Burnout to Balance

Burnout to Balance

Lindsay Stripling

Reiki master Kelsey J. Patel shares how journaling can help you release the root causes of burnout.

TIMES OF UNCERTAINTY, while incredibly difficult, can also be an incredible opportunity to look at what in our lives we can shift, upgrade, or adjust. This might even mean changing your belief system in a way that benefits both your individual self and the collective.

So often when people are experiencing change in their lives, the physical body reacts and responds to the perceived stress and goes into a state of burnout. Whatever the manifestation, the root cause of burnout is the same: The body, mind, and spirit are out of harmony or balance. To get back into harmony, you need to support the mechanics and physics of the entire system.

When I journal regularly, I get more familiar with what’s going on with me, what’s controlling me that I might not be aware of. Journaling allows a person to pluck thoughts out of their mind and put them down on a piece of paper so they can become a witness to their own mind. It’s like catching a butterfly and examining it under a microscope to understand what it’s really made of.

Writing brings feelings to the surface so I can process them and see what’s really coming up. Most of the time, my emotional reaction has nothing to do with what I thought it was about when I started writing. Recognizing this is a powerful boost to self-awareness.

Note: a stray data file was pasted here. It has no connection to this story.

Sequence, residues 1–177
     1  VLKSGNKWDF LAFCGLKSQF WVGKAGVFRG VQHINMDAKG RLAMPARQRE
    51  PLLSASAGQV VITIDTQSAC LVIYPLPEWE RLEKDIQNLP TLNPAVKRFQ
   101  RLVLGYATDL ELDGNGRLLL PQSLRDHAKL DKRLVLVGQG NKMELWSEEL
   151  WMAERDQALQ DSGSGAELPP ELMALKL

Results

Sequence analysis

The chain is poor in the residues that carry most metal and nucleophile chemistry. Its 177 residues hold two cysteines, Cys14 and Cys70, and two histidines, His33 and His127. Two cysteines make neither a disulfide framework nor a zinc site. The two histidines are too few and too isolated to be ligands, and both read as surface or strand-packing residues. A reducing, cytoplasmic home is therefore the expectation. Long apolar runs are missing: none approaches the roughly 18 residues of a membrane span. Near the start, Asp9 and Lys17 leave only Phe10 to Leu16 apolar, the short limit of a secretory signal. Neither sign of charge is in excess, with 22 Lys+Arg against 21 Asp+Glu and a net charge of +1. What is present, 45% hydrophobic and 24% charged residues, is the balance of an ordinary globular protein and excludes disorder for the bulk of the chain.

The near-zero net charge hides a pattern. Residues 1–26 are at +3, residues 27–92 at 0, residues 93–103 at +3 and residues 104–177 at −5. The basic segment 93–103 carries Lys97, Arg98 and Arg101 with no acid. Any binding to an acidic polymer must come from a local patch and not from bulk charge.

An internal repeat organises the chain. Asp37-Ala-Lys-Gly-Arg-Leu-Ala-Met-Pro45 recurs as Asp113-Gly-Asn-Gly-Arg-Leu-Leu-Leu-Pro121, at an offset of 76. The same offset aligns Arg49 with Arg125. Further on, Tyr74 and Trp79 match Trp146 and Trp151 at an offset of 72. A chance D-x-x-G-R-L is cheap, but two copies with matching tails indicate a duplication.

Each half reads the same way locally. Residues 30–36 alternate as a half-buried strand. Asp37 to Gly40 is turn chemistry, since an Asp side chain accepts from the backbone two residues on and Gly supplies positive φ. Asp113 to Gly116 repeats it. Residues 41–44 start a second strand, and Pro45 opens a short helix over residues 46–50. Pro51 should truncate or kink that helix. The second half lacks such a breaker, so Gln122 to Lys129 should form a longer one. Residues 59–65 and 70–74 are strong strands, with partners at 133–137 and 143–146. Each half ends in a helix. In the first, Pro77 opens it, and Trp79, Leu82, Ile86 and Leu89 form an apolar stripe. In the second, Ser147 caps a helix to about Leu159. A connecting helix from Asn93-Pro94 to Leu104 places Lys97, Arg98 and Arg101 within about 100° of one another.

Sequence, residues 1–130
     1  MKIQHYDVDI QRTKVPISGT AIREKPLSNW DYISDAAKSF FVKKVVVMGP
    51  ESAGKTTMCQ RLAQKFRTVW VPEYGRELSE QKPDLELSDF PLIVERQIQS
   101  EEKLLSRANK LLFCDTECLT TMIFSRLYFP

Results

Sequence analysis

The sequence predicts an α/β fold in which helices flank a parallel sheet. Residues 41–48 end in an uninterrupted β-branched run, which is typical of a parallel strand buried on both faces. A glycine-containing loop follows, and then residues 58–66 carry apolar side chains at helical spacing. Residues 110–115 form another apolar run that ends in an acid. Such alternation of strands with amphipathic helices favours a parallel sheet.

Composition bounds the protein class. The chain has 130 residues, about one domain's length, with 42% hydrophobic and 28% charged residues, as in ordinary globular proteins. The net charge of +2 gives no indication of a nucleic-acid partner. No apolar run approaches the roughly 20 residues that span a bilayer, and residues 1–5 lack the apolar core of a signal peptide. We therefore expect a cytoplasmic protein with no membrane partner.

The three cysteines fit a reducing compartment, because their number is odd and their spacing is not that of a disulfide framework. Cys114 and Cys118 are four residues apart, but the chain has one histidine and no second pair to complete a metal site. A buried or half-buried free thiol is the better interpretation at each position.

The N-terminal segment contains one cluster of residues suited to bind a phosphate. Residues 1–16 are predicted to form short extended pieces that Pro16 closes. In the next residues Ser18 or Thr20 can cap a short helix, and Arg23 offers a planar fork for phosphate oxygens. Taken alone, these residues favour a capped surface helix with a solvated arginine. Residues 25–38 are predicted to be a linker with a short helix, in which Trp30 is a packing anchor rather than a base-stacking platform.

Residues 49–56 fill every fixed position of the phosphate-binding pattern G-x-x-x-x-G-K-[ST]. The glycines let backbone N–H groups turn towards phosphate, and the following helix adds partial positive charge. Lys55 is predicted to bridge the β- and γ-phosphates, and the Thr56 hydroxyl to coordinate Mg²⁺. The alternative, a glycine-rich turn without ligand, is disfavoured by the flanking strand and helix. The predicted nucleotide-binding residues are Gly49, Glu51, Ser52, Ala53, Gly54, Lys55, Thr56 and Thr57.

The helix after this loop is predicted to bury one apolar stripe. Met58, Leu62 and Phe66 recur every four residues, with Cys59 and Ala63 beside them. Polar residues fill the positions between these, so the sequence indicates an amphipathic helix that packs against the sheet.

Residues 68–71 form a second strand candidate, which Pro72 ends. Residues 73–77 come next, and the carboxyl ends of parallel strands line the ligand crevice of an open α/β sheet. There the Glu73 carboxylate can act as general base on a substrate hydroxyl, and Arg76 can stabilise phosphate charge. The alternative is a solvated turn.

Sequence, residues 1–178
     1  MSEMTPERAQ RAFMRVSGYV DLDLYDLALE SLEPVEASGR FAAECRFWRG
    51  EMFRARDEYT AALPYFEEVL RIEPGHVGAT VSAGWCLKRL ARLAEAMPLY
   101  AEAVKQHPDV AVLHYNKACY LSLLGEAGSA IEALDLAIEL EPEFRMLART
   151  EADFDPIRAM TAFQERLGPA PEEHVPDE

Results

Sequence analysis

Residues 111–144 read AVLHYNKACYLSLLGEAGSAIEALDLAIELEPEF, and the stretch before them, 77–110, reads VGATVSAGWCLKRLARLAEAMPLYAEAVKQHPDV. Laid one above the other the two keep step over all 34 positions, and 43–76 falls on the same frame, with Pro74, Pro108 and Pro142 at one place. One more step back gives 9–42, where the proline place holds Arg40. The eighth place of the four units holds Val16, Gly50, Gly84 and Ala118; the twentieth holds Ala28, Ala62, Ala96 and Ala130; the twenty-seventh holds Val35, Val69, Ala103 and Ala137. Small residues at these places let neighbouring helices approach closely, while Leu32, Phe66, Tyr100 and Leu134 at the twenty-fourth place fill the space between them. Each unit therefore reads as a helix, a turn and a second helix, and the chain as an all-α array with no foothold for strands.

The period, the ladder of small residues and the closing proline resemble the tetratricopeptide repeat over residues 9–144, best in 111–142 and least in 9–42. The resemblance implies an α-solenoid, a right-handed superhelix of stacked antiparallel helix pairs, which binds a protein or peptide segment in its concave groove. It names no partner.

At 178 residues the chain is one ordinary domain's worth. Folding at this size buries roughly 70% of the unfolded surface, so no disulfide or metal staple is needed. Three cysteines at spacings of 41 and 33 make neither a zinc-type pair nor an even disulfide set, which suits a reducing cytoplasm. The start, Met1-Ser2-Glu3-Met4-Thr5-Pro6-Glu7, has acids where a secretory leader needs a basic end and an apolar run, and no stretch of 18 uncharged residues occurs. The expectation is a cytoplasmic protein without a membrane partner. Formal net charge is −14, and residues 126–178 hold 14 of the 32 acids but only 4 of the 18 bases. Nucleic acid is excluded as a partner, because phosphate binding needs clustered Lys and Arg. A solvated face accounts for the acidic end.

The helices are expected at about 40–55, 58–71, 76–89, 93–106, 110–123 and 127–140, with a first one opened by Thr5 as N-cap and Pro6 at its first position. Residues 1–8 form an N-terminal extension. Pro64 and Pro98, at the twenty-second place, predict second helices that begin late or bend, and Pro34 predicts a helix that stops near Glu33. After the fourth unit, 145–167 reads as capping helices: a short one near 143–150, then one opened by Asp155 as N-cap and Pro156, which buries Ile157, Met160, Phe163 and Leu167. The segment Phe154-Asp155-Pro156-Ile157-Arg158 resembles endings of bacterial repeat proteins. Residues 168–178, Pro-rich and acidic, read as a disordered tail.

In your journal, write the letters F R E E vertically down the left edge of your page. After each letter, answer the following prompts.


We are all sensitive beings. Make a list of all your feelings and fears, including good feelings or experiences, under the letter F, and make a checkmark next to the ones that make you feel free and good at this time in your life. Make an X next to the ones that do not make you feel free. You don’t have to solve anything. Just make the list.


Take a moment to connect with who you want to be right now, regardless of whether it seems possible. What is the difference between you right now and this you that you imagine you could be? Look at each obstacle. Is it a real obstacle or is it an obstacle you could overcome in some way at some point, even if you aren’t sure how?

Do you believe that you can overcome those obstacles?


Under this first E, make two lists: Head and Heart. Under each, make a list of the thoughts or words that come to mind when you tell yourself, “Your needs and truths matter and should be your priority.” What does your head say about this, and what does your heart say about this? Which responses seem the most true? The most useful? The most real to you? The most possible? Reflect on the differences.


Your feelings can teach you about yourself if you fully bring your awareness to them. Under the final E, make a list of all the feelings you remember having felt in the past 24 hours. List every feeling you can remember—boredom, amusement, sadness, hope—and what you were doing at that moment that sparked that feeling.

Then, without anyone else listening, practice saying each of these things out loud, such as, “Today I was bored when I …” or “Today I felt really sad because …” Start with the easy ones and work up to the more intense feelings or the feelings caused by more complex situations.

Saying these sentences out loud will help you own your truth and your feelings so you can begin to feel more safe and at ease in your body and with your feelings.

Check in with your FREE periodically and keep in mind what came up that was new to you or interesting.

These are all clues to who you really are and what kind of life you really need in order to feel that sense of freedom in which all things become possible, even in times of uncertainty.

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